LITTLETON, Colo. — Shortly before her surgery at Littleton Hospital in February, Sue Henry got a call from her anesthesiologist to tell her he was out-of-network.
“I thought it was completely outrageous. I didn’t know until a week before my surgery,” Henry said. “I have an in-network hospital and in-network surgeon, and the guy in between that’s going to make me comfortable is out-of-network.”
She tried to find a less expensive option that was in her insurance network but said she could not find another anesthesiologist within 50 miles.
“I thought about asking them if there was an in-network liquor store so I could bring in a bottle of whiskey and a bullet to bite on," Henry said.
Visiting out-of-network doctors can often lead to huge medical bills that can catch patient off guard and leave them with few options.
At the center of the issue are contract disputes between insurance companies and anesthesiologists.
Denver7 Investigates went searching for answers and discovered that Henry wasn’t the only one having this problem.
“It’s just desperately unfair to have networks that are so small that you can’t find an anesthesiologist in 50 miles,” said Dr. Anna Weyand, president of the Colorado Society of Anesthesiologists. “It’s really tough on our patients.”
Weyand accuses insurance companies of canceling contracts early and offering anesthesiologists unreasonable rates.
“The insurance companies are cutting contracts, limiting who can be in their network,” she said. “It is not a case of the anesthesiologists going back and saying ‘hey, we want to make more money.’”
Weyand points to a February 2020 survey by the American Society of Anesthesiologists. It found that insurance companies terminated contracts with more than 40% of the anesthesiologists who responded to the survey, essentially forcing them out-of-network.
Following Henry’s surgery, she said she received what looked like a bill from her insurance company, UMR – which is administered by United Healthcare. Her explanation of benefits said she could be responsible for up to $1,200 in out-of-network costs to pay her anesthesiologist.
“I mean that’s a lot of money. I’m retired,” Henry said.
The disputes between insurance companies and doctors are also now at the center of a legal battle.
“Particularly, United, in my experience, has been sort of the most aggressive of the insurance companies,” Weyand said.
U.S. Anesthesia Partners of Colorado (USAP-CO) filed a lawsuit in March in Denver District Court. It accuses United Healthcare of offering “surgeons in Colorado … approximately 50% more compensation” in exchange for not using their anesthesiologists.
The lawsuit also states that, “United is like a boa constrictor squeezing USAP-CO from all angles.”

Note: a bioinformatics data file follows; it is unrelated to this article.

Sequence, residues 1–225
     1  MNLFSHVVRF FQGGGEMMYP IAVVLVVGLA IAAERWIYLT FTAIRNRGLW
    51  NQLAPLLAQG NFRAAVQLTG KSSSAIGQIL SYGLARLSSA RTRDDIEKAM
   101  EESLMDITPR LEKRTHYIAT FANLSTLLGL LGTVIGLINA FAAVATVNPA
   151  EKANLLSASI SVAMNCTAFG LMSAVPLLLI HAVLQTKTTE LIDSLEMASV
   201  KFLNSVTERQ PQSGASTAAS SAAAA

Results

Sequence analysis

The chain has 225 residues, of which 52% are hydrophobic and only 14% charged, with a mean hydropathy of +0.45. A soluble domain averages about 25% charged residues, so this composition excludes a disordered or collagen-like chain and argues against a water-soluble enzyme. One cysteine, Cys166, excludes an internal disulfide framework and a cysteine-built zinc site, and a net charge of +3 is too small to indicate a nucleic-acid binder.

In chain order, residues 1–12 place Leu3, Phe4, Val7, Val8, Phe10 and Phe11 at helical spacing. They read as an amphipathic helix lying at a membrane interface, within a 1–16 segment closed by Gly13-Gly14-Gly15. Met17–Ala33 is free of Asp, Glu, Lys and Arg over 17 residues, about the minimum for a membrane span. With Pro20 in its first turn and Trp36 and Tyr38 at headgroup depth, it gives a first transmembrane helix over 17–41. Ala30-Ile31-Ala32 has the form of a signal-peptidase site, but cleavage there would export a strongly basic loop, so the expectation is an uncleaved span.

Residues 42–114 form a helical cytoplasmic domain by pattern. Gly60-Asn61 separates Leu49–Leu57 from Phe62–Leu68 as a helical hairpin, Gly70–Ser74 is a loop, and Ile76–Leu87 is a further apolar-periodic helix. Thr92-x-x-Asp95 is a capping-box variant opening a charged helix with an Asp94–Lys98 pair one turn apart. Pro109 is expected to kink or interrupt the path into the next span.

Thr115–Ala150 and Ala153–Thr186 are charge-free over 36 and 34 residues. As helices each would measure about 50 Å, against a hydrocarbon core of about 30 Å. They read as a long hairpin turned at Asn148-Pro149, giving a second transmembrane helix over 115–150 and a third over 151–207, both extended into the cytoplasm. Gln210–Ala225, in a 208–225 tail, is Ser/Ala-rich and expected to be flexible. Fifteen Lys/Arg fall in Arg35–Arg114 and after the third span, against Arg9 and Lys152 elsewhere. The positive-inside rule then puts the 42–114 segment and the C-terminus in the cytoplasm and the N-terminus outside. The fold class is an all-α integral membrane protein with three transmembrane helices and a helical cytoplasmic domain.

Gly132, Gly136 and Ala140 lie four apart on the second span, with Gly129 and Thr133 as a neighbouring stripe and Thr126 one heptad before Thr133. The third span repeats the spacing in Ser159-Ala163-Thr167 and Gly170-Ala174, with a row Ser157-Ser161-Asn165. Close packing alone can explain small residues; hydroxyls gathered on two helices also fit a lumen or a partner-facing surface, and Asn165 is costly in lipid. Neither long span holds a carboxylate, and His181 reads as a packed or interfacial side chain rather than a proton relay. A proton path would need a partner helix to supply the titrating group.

In response to the accusations and the lawsuit, United Healthcare said the claims in the suit are “completely meritless” and accuses USAP of a money grab.
“U.S. Anesthesia Partners was demanding to be paid rates that are more than 70% higher than the median rate we pay other anesthesiology groups that participate in our network in Colorado, which helps meet the profit expectations of its private equity partners but also drives up the cost of care,” United Healthcare said in an emailed statement from a spokesperson.
United Healthcare blamed the anesthesiologists for surprise billing its members.
“We hope USAP will rethink its decision to take advantage of its patients to maximize profits,” the statement said.
Both sides are arguing about bottom lines, but patients are the ones who are caught in the middle between doctors and the insurance companies.
“And that is not right,” Henry said. “I just don’t understand why they have left me with no option.”
After Denver7 Investigates started asking questions, the anesthesiologist group took a closer look and was able to take care of Henry’s bill.
United Healthcare said it has more than 420 anesthesiologists and nurse anesthetists who provide in-network care, but it encouraged patients to call the number on the back of their insurance card prior to having surgery.
The Colorado Division of Insurance (DOI), which regulates most insurance plans in the state, recommends patients work with their insurance company to find a solution. If not, patients could be stuck with out-of-network bills. The organization added that companies should work with consumers to find an in-network provider and if one is not available, then the company should work with the consumer to go out-of-network.
Additionally, patients should not go with an out-of-network provider and assume their bill will be paid.
Colorado recently passed legislation to prevent consumers from being surprised bill, but we found it doesn’t apply to all insurance plans, including those that are self-funded and therefore regulated by the federal government.